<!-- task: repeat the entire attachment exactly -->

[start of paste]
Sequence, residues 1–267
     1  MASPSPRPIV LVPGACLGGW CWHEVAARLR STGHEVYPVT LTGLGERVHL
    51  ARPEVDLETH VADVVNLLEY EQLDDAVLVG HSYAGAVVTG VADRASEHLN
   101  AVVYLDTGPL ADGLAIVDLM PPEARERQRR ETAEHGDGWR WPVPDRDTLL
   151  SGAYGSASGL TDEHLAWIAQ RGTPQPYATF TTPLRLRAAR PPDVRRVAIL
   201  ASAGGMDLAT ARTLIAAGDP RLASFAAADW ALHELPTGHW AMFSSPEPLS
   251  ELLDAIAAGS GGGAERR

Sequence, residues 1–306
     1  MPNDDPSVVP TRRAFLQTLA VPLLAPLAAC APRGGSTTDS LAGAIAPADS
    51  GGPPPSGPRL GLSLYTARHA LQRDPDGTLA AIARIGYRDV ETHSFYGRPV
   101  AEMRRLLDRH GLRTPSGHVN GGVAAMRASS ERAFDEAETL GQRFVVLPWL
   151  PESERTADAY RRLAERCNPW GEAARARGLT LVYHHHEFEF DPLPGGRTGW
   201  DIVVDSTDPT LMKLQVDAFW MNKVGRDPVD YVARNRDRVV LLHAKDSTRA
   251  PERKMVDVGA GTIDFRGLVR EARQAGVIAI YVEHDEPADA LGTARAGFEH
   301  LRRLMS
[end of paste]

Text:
Sequence, residues 1–267
     1  MASPSPRPIV LVPGACLGGW CWHEVAARLR STGHEVYPVT LTGLGERVHL
    51  ARPEVDLETH VADVVNLLEY EQLDDAVLVG HSYAGAVVTG VADRASEHLN
   101  AVVYLDTGPL ADGLAIVDLM PPEARERQRR ETAEHGDGWR WPVPDRDTLL
   151  SGAYGSASGL TDEHLAWIAQ RGTPQPYATF TTPLRLRAAR PPDVRRVAIL
   201  ASAGGMDLAT ARTLIAAGDP RLASFAAADW ALHELPTGHW AMFSSPEPLS
   251  ELLDAIAAGS GGGAERR

Sequence, residues 1–306
     1  MPNDDPSVVP TRRAFLQTLA VPLLAPLAAC APRGGSTTDS LAGAIAPADS
    51  GGPPPSGPRL GLSLYTARHA LQRDPDGTLA AIARIGYRDV ETHSFYGRPV
   101  AEMRRLLDRH GLRTPSGHVN GGVAAMRASS ERAFDEAETL GQRFVVLPWL
   151  PESERTADAY RRLAERCNPW GEAARARGLT LVYHHHEFEF DPLPGGRTGW
   201  DIVVDSTDPT LMKLQVDAFW MNKVGRDPVD YVARNRDRVV LLHAKDSTRA
   251  PERKMVDVGA GTIDFRGLVR EARQAGVIAI YVEHDEPADA LGTARAGFEH
   301  LRRLMS